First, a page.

Maybe my views on this are colored by the fact that most of the Christians I know are Catholic or Anglican, and this thinking is more common there? I do understand there are more fundamentalist churches in the country that don't emphasize tolerance quite so much, but I went to a random mass the other night (because I thought the church was pretty) whose main point was "Don't rush to judge, be patient and eventually God will explain anything you need to know" (based around the story of Joseph finding out his fiancee was pregnant, and yet not condemning her). I think this is a pretty straightforward message that pops up fairly regularly in Christian texts and interpretations.

So, on a practical level, I guess, it would seem like a decent compromise would be raise the kids Christian but tone down the "we condemn everyone else" side of things; I would assume, if she's not a racist / homophobic / xenophobic / nasty person, that she's practicing this sort of inclusiveness anyway. She would just need to extend it to religion, and I think there are certainly precedents in Christianity for doing so.

If she is in a church where fire and brimstone seem to be emphasized as the main tenets, then I think there's more of an uphill battle here, obviously. But if that's just coming up in your relationship because it's the main point of contention, then see if you can switch the focus back to what you *do* agree on -- the value in our search for meaning in a mysterious universe, and how slippery and ambiguous and magical and imperfect that search can be -- and see if you can back off the polarizing bits for a while.
posted by occhiblu at 9:58 AM on December 20, 2007 [1 favorite]


A lot of this comes down to whether the OP's claim that his girlfriend believes non-Christians burn in hell was accurate or a huge exaggeration. I took it as being accurate; if I'm right, then I think all the well-meaning suggestions of how to work with this and not DTMFA are unfortunately worthless. This kind of rigid irrationality is a) not negotiable with and b) unlikely to change except as the result of a major spiritual crisis, which you can't assume is definitely going to happen.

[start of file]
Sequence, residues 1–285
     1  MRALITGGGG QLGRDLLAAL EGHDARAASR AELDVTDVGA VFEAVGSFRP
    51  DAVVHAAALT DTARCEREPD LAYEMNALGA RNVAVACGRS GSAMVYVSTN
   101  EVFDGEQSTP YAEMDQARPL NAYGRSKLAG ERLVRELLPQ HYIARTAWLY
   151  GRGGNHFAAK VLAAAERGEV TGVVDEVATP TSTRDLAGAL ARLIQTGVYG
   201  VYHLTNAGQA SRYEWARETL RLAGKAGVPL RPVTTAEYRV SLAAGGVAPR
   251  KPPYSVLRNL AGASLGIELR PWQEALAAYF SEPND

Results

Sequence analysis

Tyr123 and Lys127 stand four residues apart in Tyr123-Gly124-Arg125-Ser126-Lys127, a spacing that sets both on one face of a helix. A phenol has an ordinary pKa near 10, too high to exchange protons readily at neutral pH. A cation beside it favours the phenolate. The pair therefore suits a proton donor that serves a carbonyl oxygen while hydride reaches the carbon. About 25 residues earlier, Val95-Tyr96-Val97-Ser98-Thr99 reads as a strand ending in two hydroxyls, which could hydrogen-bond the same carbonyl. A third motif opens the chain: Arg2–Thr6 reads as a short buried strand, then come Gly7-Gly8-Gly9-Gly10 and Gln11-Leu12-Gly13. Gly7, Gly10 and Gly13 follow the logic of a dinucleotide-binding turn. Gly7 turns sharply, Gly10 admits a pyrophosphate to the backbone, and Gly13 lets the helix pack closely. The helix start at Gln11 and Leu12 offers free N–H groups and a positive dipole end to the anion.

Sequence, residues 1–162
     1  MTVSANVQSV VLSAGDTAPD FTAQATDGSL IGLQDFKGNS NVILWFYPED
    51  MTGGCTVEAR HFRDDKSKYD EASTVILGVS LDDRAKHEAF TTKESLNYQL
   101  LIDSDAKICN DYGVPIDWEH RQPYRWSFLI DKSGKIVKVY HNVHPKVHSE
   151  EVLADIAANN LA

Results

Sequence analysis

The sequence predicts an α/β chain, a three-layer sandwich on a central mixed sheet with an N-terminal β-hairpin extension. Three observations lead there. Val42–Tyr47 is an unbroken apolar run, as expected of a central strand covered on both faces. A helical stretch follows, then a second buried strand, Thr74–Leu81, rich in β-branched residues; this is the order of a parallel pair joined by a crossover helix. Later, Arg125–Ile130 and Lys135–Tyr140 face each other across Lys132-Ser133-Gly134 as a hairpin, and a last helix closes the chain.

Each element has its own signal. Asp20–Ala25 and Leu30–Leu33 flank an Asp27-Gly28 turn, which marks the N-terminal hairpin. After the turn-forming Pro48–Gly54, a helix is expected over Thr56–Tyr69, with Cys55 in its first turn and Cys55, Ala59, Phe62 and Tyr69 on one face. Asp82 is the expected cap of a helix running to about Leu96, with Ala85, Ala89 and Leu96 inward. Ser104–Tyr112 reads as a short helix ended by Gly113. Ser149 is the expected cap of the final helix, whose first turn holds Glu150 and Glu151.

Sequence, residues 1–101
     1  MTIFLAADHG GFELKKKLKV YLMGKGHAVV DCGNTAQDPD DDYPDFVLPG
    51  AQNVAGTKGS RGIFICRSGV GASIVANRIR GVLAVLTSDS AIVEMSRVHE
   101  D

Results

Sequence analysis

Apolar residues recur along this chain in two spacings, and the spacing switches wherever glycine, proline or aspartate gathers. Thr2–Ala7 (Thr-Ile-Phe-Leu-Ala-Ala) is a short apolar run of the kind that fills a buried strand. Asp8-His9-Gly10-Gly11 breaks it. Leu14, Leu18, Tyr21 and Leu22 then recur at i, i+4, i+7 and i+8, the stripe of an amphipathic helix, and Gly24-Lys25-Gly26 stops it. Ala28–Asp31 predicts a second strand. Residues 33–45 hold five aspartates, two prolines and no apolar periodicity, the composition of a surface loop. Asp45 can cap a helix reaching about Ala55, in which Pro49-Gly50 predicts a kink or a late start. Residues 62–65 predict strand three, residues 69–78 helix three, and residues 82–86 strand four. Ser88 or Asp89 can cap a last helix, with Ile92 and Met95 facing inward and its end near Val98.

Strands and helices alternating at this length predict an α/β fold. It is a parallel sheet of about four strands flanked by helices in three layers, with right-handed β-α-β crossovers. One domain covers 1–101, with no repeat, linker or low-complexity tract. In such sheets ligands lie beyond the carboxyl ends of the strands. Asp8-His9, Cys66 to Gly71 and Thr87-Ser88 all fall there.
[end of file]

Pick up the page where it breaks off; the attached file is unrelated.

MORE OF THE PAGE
posted by game warden to the events rhino at 10:03 AM on December 20, 2007 [1 favorite]


I'm atheist, my husband was raised Methodist, we do not go to church. We are happy. We would not be happy if he made me go to church, or even if he somewhat agreed with the "crazy" stripes of religion out there - the ones that spend more time hating people than loving God. I may not have a religion, but after years of living around it and tolerating it, and knowing lots of religious people, I also know what is and is not good/safe religion. For me it would be thus:

1) whatever religion your partner wants to take the kids to cannot teach hate. whether or not it teaches hate is something you and she have to agree on, but generally people who think that all homosexuals are going to hell fall into this category for me. It's subjective, but that's life.

2) My lack of religion is not grounds for any sort of belittlement or scary talk about me going to hell. The fact that she's so concerned about going to hell makes me think, based on my experience with the various denominations, that she is not a laid-back Methodist like my in-laws or liberal Presbyterian like my college, or even Episcopalian like some of my friends. It sounds like Baptist/Evangelical/Born Again talk, and generally that sort of religion focuses a lot on Revelation.

3) While we're on Revelation, I wouldn't want my kids being talked to a lot about Hell. Kids need the Golden Rule, not hellfire and brimstone, IMHO.